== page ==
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Hagel cleared the threshold when Senator Richard Shelby of Alabama, a five-term Republican, said he would vote for the former GOP senator from Nebraska after joining other Republicans last week in an unprecedented filibuster of the Pentagon nominee.
''He's probably as good as we're going to get,'' Shelby said in an interview with an Alabama newspaper.
Although a Republican, Hagel has faced strong GOP opposition, with many of his former colleagues voting last week to stall the nomination. Republicans have questioned Hagel's support for Israel, tolerance of Iran, and willingness to cut the nuclear arsenal. His opposition to the Iraq war after his initial vote for the conflict angered his onetime friend, Senator John McCain of Arizona.
GOP lawmakers demanded more time to review the nomination that a divided Armed Services Committee had approved on a party-line vote.
Shelby's support was a clear sign of weakening Republican opposition, and it prompted two letters within hours from Hagel's fiercest GOP foes. One letter went to the president calling on him to withdraw the nomination, the other to GOP senators pleading with them to stand together against Hagel.
Fifteen Republican senators wrote that Hagel lacks the bipartisan support and confidence to serve in the vital job of defense secretary.
''The occupant of this critical office should be someone whose candidacy is neither controversial nor divisive,'' wrote the senators -- all opponents of Hagel. Leading the effort was Senator John Cornyn of Texas, the party's second in command in the Senate, who is up for reelection next year.
One name missing from the letter was McCain, who has called Hagel unqualified but indicated last Sunday that he wouldn't stand in the way of a Senate vote.
Separately, the top Republican on the Armed Services Committee, Jim Inhofe of Oklahoma, sent a letter to his GOP colleagues urging them to vote again to block the nomination when the Senate returns from its recess next week. He acknowledged the reality that if the GOP fails to block a vote, Hagel proponents have the votes to approve him on an up-or-down vote.
''Make no mistake: A vote for cloture is a vote to confirm Senator Hagel as secretary of defense,'' wrote Inhofe. He said that while the Senate traditionally defers to presidents on their Cabinet choices, ''our nation is at war. The Senate must insist on confirming only the most effective leaders.''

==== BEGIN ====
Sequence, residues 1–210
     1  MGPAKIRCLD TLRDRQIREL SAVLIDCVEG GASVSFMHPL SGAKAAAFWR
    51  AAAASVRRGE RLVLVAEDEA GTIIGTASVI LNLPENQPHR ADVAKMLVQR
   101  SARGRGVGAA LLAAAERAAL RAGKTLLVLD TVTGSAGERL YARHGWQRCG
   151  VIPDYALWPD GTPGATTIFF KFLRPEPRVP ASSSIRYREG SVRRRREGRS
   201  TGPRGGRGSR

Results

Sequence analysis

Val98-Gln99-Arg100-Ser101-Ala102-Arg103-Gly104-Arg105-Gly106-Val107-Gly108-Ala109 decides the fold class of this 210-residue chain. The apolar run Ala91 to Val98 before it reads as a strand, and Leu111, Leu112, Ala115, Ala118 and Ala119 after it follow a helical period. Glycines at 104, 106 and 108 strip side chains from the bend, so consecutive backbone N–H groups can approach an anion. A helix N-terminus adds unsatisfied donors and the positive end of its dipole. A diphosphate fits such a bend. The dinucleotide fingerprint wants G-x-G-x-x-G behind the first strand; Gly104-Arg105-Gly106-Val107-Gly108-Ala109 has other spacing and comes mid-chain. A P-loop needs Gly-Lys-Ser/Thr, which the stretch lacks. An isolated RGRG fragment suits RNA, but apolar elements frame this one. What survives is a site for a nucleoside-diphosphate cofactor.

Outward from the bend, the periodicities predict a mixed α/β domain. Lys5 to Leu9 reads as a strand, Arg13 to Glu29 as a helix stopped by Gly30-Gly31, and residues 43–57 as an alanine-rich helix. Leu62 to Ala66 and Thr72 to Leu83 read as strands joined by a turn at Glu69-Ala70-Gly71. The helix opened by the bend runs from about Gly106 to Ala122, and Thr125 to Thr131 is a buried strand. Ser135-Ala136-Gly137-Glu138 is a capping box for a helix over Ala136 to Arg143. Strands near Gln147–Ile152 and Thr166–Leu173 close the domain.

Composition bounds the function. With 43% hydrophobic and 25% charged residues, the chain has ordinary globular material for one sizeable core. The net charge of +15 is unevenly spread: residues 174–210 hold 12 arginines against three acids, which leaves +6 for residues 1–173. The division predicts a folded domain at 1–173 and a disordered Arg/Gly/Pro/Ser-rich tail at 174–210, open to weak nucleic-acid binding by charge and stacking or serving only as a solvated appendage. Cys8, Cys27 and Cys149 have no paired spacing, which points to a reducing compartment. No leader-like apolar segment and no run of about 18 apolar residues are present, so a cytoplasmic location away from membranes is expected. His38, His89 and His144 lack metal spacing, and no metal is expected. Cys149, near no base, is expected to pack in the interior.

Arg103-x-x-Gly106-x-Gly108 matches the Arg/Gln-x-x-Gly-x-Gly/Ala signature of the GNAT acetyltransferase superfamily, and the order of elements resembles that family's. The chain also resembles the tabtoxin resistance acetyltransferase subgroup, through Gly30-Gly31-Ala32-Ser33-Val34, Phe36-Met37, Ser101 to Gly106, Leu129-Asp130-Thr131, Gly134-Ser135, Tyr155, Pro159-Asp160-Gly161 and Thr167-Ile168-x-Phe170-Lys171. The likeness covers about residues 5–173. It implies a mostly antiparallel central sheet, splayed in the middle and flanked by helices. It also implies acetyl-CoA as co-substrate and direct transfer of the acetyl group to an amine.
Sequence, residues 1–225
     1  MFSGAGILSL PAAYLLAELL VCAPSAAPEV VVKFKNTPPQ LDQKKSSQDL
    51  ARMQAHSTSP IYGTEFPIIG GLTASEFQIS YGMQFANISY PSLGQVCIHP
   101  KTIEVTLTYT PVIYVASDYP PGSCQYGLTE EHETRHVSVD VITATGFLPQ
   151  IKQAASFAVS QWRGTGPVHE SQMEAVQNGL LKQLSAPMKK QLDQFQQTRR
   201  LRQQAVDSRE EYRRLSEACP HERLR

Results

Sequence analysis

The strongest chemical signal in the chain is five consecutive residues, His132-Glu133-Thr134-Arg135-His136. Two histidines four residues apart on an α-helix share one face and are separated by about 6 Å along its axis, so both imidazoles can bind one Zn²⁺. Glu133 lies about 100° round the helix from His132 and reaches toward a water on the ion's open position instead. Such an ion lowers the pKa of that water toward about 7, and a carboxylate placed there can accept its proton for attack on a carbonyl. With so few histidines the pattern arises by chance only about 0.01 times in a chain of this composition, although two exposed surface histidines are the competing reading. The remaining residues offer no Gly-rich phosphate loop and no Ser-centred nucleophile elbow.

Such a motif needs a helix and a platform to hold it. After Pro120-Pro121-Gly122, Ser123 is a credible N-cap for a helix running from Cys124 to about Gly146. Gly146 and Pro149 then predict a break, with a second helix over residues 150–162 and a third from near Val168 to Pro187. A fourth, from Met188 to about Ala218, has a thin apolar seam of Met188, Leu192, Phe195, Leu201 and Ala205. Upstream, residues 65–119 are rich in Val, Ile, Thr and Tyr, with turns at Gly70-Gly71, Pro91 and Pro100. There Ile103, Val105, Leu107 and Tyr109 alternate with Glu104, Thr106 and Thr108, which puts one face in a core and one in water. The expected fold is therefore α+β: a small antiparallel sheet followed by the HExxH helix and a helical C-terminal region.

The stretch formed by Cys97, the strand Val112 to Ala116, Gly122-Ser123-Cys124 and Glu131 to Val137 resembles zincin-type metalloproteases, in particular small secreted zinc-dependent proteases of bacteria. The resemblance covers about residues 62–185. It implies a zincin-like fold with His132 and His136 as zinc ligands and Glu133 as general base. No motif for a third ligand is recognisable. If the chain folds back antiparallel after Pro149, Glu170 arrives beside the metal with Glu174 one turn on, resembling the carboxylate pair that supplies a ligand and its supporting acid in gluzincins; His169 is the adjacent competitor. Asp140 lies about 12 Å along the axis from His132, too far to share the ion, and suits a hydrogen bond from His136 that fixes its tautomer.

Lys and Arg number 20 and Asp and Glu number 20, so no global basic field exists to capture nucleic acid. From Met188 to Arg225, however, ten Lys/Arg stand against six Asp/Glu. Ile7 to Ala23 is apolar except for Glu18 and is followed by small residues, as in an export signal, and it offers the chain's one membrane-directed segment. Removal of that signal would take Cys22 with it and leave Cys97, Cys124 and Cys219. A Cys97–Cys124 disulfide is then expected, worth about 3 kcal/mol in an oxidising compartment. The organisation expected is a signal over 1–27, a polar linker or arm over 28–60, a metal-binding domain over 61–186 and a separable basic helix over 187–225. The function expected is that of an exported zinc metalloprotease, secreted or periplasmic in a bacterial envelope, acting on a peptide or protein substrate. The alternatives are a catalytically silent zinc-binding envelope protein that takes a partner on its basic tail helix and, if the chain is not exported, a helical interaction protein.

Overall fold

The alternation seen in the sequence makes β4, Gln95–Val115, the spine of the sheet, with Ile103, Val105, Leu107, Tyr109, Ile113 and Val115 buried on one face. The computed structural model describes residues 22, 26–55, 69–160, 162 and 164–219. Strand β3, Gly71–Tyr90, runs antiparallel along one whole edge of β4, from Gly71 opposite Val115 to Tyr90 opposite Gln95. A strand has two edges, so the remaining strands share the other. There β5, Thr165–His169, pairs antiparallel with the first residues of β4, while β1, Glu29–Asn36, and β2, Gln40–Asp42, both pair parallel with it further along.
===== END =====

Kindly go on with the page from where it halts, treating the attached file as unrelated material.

The Senate Republicans' closed-door weekly meeting on Tuesday will be crucial to Inhofe's hopes of keeping the GOP in line on Hagel.
At the White House, spokesman Jay Carney rejected GOP calls for Hagel to withdraw. He complained that Republicans were putting politics ahead of national security, pointing out that the administration wants Hagel to be part of decisions on the size of the US force in Afghanistan as American and coalition forces wind down combat operations.
''This waste of time is not just meaningless political posturing because we firmly believe that Senator Hagel will be confirmed. The waste of time is of consequence,'' Carney said.
The Senate also is holding up the nomination of John Brennan to be CIA director, with Republicans and Democrats seeking more information about the US policy on the use of drones. Hagel and Brennan would join Secretary of State John F. Kerry in Obama's overhauled, second-term national security team.
If confirmed, Hagel, a twice-wounded Vietnam combat veteran, would succeed Defense Secretary Leon Panetta, who is stepping down after four years first as CIA director and then Pentagon chief.
In a boost for Hagel's nomination, former Republican leader Bob Dole, a decorated World War II veteran, issued a statement Thursday saying, ''Hagel's wisdom and courage make him uniquely qualified to be secretary of defense and lead the men and women of our armed forces.''
Hagel is expected to get all 55 Democratic votes and the support of three Republicans -- Senators Thad Cochran of Mississippi, Mike Johanns of Nebraska, and Shelby. Two other Republicans -- Senators Susan M. Collins of Maine and Lisa Murkowski of Alaska -- voted last week to allow the nomination to move ahead and are expected to do the same next week, giving Hagel the requisite 60 votes out of 100 necessary to end a filibuster.
An up-or-down vote on confirmation, with only a majority necessary, could occur as early as Wednesday.
SOURCE: Donna Cassata
The ASSOCIATED PRESS
The ASSOCIATED PRESS